NEW YORK — All we said to the cabbie was "Ground Zero," and he took off for the former site of the World Trade Center towers in Lower Manhattan. Often the drivers may need cross streets, numbers and the like, but not for this. Not for Ground Zero. I'd never been there before, so I can't get a perspective on this profoundly historic and tragic piece of ground in terms of comparing it to the days when two towers rose spectacularly into the New York City skyline, making some other skyscrapers seem almost small. Now, though construction is ongoing and some stages of completion are supposed to happen by September 11, the site still has the feel of a crater.
All around it on this sunny but frigid day the New York bustle is in progress, with shoppers and business people going to and fro as if Ground Zero was just another construction site.
For tourists, though, the feeling is entirely different. The first thing, the very first, you think about is where you were Sept. 11, 2001, around 9 a.m. Eastern, when the first plane slammed into the Trade Center towers. That we do not forget. I was at the Circle K store on Glenwood Avenue at Five Points, getting gasoline. I walked inside and people were staring up at a small television set behind the cash registers.
For days thereafter, the attack by al-Qaida terrorists seemed like some movie playing in the country's brain. The United States attacked? It does not happen.
But it did, and now I am standing at the spot known only to me as the place where 3,000 innocent souls died, the place where then-New York Mayor Rudy Giuliani walked through the dust with his mask, where President George W. Bush stood on a pile of rubble with a fireman, where the city and the country gained a powerful respect for the people in those FDNY or NYPD hats (now for sale all over town) and where survivors still mourn. I thought I saw a couple of folks who might have been survivors of victims standing by themselves and weeping, but I certainly didn't approach them.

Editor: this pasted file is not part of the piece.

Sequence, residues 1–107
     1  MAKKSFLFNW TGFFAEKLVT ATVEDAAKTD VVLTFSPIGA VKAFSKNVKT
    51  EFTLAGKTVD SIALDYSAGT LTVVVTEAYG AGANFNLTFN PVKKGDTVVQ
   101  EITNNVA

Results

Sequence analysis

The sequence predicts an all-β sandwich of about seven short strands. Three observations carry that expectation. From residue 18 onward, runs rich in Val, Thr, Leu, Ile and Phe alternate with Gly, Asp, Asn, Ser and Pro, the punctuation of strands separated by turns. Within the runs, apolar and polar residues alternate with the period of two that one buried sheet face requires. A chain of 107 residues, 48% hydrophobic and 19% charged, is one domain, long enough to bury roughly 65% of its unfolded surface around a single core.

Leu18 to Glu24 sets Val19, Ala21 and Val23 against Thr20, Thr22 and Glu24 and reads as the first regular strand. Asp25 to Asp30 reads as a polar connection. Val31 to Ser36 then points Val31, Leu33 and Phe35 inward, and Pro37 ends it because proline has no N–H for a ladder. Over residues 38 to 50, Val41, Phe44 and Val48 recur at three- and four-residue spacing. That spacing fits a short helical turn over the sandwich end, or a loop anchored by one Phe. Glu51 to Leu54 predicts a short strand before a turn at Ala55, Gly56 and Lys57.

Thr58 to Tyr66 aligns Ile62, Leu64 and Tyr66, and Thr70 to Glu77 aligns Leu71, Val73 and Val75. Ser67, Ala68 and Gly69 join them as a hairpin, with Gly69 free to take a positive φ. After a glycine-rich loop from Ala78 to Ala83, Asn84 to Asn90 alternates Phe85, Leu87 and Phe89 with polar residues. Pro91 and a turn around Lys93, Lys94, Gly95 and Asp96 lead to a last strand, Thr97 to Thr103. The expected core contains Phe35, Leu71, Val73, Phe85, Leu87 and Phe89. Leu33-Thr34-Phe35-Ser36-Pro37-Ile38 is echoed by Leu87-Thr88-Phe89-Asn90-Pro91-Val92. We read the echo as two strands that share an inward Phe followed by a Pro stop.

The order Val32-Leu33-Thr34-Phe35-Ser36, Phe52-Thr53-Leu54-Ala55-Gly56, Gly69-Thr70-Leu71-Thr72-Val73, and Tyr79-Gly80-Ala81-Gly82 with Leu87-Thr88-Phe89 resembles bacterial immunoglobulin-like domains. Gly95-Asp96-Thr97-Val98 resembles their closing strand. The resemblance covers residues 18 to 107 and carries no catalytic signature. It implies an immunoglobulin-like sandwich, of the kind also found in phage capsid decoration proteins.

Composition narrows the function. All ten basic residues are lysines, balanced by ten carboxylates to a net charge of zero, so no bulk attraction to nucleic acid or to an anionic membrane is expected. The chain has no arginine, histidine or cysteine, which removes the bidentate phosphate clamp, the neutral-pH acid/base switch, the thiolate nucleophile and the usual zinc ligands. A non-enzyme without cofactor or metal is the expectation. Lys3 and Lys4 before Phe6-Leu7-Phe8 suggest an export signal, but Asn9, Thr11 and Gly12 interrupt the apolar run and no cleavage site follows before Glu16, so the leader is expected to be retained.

A multitude of hard-hats patrol the area, said to be about 16 acres in total but seeming much smaller. That's the first thing that struck me, in fact. Ground Zero, as it came to be called in the days following the attack, seems like a relatively small plot of land, perhaps made to seem more so by the fact that it is surrounded by tall buildings. And while the damage done that day is breathtaking in scope, it seems a miracle now that more people weren't killed and more buildings weren't destroyed.
The neighbors now range from a tobacco shop about the size of a small closet (pack of cigarettes: $13) to the men's clothing icon Brooks Brothers in a sleek, multistory building.
What appears to be a temporary store and mini-museum that raises money for related causes is jammed most of the time, a fellow tells me, even when it's not the Christmas season. Most of the people there on this day, a couple of weeks before Christmas, were tourists getting New York Fire Department T-shirts and mugs and other memorabilia, most of it, I must say, rather subdued, certainly by New York standards.
At this point, standing across the street from the site, there is not much to look at and yet you can't stop looking. Looking and thinking about the images of that day, from the explosions to the people who jumped from windows to the gruesome aftermath to the memorials in virtually every church in the United States.
Many public figures were defined that day, at least for a while. George W. Bush led the nation's mourning with compassion and grace. Giuliani, the former prosecutor and then the mayor, would in many ways be touted for the presidency based on his actions after the tragedy, even if that fame wouldn't take him to his goal. But most of the heroes whom we associate with that time are, as they should be, the cops and the firemen who risked, and in too many cases, lost their lives.
They came to symbolize, and still do symbolize, the courage and the strength in a country whose buildings were destroyed that day, whose confidence might have been shaken. But now, as the 10th "anniversary" approaches, that country still stands.
ABOUT THE WRITER
Jim Jenkins is the deputy editorial page editor for the News & Observer. He can be reached at firstname.lastname@example.org.